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CAS EC 101 (203)

Markets and Demand.docx

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Boston University
CAS EC 101
Michael Manove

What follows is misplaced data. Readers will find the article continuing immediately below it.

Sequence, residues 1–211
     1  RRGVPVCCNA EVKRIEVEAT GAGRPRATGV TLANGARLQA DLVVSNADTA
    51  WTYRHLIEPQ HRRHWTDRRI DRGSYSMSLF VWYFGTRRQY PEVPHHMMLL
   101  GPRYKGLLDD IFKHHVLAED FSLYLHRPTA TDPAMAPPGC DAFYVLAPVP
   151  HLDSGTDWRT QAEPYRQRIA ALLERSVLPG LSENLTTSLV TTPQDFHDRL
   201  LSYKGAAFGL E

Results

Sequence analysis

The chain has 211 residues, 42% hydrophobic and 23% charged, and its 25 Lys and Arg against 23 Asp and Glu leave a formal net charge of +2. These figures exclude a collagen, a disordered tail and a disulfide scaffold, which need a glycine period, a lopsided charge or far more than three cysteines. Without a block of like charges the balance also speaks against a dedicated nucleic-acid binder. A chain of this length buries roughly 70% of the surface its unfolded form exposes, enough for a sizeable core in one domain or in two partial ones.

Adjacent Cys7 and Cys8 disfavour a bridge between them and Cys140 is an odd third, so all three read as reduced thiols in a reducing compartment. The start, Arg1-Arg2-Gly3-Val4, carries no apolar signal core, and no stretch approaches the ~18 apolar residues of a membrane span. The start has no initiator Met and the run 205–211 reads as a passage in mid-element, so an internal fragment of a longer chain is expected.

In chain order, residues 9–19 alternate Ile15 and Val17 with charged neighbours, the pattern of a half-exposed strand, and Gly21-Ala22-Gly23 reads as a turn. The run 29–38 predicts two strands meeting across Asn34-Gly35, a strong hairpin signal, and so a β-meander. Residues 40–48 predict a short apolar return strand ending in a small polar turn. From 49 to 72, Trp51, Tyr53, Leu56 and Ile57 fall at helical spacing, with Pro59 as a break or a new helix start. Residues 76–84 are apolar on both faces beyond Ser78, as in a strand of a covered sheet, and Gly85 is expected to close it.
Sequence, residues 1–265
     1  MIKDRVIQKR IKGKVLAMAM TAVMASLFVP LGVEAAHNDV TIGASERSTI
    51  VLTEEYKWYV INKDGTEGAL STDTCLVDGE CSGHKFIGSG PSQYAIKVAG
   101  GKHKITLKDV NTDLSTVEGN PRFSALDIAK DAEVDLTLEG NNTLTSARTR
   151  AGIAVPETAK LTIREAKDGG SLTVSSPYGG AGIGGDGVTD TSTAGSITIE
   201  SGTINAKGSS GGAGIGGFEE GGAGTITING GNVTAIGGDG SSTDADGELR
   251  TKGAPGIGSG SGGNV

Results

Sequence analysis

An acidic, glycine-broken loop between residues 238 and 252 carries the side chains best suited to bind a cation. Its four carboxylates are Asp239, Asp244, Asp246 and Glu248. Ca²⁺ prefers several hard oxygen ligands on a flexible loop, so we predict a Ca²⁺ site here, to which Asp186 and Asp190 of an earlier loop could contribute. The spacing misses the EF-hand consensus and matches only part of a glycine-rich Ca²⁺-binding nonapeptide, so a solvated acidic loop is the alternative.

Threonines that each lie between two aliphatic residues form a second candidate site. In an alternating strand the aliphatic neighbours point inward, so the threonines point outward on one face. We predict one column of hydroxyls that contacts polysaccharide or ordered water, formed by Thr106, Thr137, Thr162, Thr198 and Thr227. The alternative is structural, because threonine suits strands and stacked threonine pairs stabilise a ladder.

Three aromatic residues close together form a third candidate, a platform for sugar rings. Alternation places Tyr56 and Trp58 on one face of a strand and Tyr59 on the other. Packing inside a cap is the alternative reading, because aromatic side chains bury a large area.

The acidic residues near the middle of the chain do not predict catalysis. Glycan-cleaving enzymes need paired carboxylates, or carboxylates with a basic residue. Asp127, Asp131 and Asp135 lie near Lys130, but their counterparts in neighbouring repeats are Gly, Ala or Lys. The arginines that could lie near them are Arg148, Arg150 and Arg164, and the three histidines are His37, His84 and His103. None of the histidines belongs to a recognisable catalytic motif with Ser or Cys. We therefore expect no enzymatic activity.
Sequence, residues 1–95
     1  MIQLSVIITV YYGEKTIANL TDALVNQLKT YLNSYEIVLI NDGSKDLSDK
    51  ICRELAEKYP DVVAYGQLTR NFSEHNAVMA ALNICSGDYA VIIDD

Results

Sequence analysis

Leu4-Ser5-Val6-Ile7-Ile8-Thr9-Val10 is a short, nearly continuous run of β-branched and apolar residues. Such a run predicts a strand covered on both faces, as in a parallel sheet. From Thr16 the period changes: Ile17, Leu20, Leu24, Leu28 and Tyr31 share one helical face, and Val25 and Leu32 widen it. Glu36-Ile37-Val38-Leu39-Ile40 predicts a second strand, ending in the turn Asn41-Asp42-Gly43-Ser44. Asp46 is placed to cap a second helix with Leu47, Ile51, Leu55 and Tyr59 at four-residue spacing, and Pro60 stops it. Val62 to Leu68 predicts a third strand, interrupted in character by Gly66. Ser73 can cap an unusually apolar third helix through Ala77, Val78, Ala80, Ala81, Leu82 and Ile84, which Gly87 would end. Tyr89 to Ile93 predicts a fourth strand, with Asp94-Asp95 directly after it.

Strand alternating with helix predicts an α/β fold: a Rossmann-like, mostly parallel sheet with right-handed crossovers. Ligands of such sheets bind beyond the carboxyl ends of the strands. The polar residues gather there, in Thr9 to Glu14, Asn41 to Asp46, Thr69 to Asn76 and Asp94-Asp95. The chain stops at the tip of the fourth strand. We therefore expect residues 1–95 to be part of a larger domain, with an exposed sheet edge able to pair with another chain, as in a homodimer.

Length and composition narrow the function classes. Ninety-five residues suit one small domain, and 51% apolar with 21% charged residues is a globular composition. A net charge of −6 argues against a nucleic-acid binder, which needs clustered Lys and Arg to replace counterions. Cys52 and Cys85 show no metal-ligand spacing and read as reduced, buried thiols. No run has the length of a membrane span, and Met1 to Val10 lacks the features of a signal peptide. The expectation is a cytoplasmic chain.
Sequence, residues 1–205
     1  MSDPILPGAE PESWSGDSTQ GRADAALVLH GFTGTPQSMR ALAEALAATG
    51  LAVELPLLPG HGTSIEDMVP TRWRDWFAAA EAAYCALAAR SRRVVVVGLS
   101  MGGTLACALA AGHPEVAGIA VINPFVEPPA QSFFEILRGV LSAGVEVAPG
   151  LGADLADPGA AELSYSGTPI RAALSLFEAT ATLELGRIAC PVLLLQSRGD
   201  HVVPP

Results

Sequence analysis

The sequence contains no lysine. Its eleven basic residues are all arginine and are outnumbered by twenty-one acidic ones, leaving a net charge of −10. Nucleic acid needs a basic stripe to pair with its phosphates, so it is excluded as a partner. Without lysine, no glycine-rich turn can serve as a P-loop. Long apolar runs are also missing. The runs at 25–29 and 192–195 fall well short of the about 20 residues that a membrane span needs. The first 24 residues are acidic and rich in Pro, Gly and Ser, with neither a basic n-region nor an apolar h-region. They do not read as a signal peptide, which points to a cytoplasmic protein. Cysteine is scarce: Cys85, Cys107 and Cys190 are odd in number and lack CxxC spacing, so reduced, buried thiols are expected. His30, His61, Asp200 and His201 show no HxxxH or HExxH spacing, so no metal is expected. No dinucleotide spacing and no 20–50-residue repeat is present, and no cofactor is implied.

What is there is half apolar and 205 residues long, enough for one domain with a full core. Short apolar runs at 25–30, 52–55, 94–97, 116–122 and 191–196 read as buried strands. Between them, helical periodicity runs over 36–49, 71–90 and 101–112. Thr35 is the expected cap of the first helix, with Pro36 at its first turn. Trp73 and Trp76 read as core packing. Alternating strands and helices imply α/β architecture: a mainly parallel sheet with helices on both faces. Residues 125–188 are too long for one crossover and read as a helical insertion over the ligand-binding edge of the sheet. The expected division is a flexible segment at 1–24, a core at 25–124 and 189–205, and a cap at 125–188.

Money  Barter requires no special tools,...  But selling and buying require a medium of exchange: Money o Selling means obtaining money in exchange for goods. o Buying means obtaining a good in exchange for money. Types of Money  Commodity money o Salt o Gold  Fiat money o has no value of its own o declared to be money by the state or other institution o often exists only as paper (currency),... o or as intangible notations in computer memory banks (most US dollars). Acceptance of Money  Why do people accept paper money in return for valuable goods and services? o We accept paper money from others, because... o Bitcoin ?  What would happen if I told you... “Don’t accept US dollars—they’re worthless.” Competition  Competition is the driving force of any free- market economic system.  The analysis of competition will occupy a major part of this course.  Our analysis of competition will focus on selling and buying rather than on barter.  And a very important feature of selling and buying is the determination of prices. Prices  Prices are defined when money is used for selling and buying.  The price of a good is the amount of money exchanged for one unit of the good.  Prices are useful, because they measure the value that markets place on a good.  Prices tell people how much a good is worth! Prices Under Barter?  Prices are not clearly defined in a barter system.  Barter does define an exchange ratio for each pair of goods.  Example: Perfect Competition  The phrase “perfect competition” describes a market with many buyers and many sellers (and other properties).  A perfectly-competitive market represents an extreme case that doesn’t exist in the real world...  ...except in the form of a model.  But some real markets are close to the model.  We will spend a lot of time analyzing the model of perfect competition,...  ...and we’ll say what happens when real markets deviate from the model. Markets with Perfect Competition: Model Characteristics  One homogeneous good   Many buyers and sellers   Voluntary exchange   Full information and perfect foresight   Rational and self-interested agents   Free entry to the market [used later in the course] “Law” of One Price  At any given time in a perfectly competitive market, identical goods must have the same price.  The law must be true, because the opposite is not possible. We show: Under perfect competition, transactions at two or more prices will not be completed.  So suppose two transactions are in progress at two different prices.  What would happen? Why One Price?  The losers know who they are before they make the exchange (full information).  They want to do better (rational self-interest).  The losers decide to trade with each other.  At the compromise price, both would be better off.  The original proposed exchanges (at two different prices) cannot go through! Arbitrage  Suppose o Claudia is ready to buy from Dilip for $1, and... o Randy is ready to buy from Stefania for $3. o And suppose that neither Dilip nor Randy knows that he is a “loser.”  Then Alberto (a shrewd businessman) could o offer to buy from Dilip for $1.50,... o and sell to Randy for $2.50. o Dilip and Randy would be happy,... o and Alberto would earn a tidy profit of $1.  Alberto is an “arbitrageur.”  He takes advantage of price differences in the same product to “buy low and sell high.”
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